LEE: Corruption Hampers Good Governance

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PHILIPSBURG--President of the St. Maarten Hospitality and Trade Association (SHTA) Emil Lee pressed home, on Thursday night, the dangers of corruption to good governance on St. Maarten.
During his speech at the General Meeting of the SHTA. The topic of the night was good "Good Governance and Electoral Reform."
Though little was said by Lee or the other speakers about electoral reform, good governance received all the attention with Lee targeting the effects of corruption in society and breaking it down using simple math: corruption= monopoly + discretion -accountability. In other words, to make corruption resistant structures, monopoly power and discretion must be reduced, which will lead to an increase in accountability. "If elected officials focused on the development of specific and clear policies and delegated authorities to civil servants, monopoly and discretion would be greatly reduced. If clear guidelines are laid out and consequences for corruption are swift and deliberate, accountability would increase," Lee said.

Lee said despite the fact that there are a number of ongoinginvestigations; it is hard to say justice is clear or swift. He mentioned a number of allegations that undermine good governance, which must be dealt with or concluded sooner rather than later. These include, he said, allegations of money laundering related to the sale of government lease land, allegations of buying votes, blackmail, bribery, embezzlement and allegations of violation of accountability law. "While I respect that justice needs time to do a proper investigation, from a good governance/transparency perspective this is taking way too much time. This isn't fair to the people of St Maarten or the accused. It's time to poop or get off the pot," he said. "The point of this analysis isn't to point fingers or anger anyone.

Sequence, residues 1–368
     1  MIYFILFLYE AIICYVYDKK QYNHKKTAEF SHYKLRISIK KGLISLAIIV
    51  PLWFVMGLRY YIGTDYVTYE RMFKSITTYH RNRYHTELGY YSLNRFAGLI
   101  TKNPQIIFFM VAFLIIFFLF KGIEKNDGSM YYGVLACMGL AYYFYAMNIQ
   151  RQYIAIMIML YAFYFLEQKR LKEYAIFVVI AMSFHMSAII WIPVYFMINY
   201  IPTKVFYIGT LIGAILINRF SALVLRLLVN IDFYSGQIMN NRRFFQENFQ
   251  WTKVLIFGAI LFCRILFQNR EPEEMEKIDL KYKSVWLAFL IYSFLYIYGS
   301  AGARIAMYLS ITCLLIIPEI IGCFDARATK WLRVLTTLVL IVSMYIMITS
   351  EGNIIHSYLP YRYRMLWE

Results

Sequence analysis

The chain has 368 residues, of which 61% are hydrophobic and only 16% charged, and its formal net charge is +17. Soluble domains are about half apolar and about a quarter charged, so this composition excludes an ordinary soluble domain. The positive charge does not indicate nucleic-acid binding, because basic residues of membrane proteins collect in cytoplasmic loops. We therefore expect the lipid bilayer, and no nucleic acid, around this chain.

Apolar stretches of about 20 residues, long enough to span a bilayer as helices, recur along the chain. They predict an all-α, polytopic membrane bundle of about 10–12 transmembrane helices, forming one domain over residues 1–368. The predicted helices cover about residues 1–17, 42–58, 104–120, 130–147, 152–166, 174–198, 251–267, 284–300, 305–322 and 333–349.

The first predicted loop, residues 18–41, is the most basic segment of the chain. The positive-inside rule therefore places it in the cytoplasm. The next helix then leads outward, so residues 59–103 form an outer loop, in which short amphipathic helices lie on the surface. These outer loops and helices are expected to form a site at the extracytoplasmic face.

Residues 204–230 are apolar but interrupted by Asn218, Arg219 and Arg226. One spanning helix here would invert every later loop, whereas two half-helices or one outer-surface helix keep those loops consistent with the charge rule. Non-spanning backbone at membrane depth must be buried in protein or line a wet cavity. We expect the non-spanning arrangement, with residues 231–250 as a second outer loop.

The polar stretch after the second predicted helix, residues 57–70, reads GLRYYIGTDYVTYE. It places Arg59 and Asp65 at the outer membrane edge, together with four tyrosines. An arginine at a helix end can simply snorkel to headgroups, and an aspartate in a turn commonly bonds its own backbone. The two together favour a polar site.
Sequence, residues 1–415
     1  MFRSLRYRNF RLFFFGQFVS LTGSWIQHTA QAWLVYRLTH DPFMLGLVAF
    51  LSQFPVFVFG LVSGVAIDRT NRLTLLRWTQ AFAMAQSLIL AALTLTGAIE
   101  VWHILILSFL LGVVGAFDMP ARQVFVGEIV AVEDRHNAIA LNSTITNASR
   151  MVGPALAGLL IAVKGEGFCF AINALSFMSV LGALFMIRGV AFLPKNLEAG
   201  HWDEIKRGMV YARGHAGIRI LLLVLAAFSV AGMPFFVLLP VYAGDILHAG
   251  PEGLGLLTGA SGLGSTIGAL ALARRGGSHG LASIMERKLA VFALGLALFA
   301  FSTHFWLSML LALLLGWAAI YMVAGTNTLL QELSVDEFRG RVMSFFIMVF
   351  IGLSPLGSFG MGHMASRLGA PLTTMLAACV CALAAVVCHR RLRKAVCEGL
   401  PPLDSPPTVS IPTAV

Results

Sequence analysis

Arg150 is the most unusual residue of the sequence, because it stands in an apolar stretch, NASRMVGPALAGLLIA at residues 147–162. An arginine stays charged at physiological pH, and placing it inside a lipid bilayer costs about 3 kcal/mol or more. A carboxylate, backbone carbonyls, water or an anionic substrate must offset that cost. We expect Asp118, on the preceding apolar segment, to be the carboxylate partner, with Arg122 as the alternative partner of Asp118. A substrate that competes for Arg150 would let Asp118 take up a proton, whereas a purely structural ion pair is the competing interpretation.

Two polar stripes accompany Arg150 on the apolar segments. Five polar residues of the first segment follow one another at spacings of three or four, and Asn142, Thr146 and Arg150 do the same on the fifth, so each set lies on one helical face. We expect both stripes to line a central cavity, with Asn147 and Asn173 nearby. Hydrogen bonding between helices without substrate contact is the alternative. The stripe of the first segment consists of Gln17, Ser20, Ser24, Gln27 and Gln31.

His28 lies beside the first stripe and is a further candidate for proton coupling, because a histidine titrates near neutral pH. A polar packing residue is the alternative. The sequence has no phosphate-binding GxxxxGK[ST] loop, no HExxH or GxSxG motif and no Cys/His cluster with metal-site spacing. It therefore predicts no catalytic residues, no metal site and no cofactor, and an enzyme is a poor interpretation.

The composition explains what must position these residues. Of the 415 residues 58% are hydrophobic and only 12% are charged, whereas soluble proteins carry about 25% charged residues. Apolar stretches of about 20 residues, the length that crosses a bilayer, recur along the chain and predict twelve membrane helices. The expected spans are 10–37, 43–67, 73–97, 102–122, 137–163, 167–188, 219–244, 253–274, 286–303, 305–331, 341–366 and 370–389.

The point of this analysis is to demonstrate that this isn't a theoretical exercise or academic gymnastics. Anyone that cares about the economy, environment and education should care about the structure in which decisions are made," Lee added.

"From all corners of society, everyone seems concerned and there seems to be a consensus on the need for reform or change. While I believe the governing accord is a step in the right irection, I believe that it still needs to be translated into a specific action plan with a focus on the core issues not the symptoms.
"While I understand that volatility and instability in government is bad for the country, the core issue is why our elected fficials are so volatile. There is a risk that just treating the symptoms might actually make things worse, not politically but economically and socially. While it might mean that government wouldn't collapse on an annual basis, it might also mean that politicians might feel less vulnerable as they please without fear of consequences.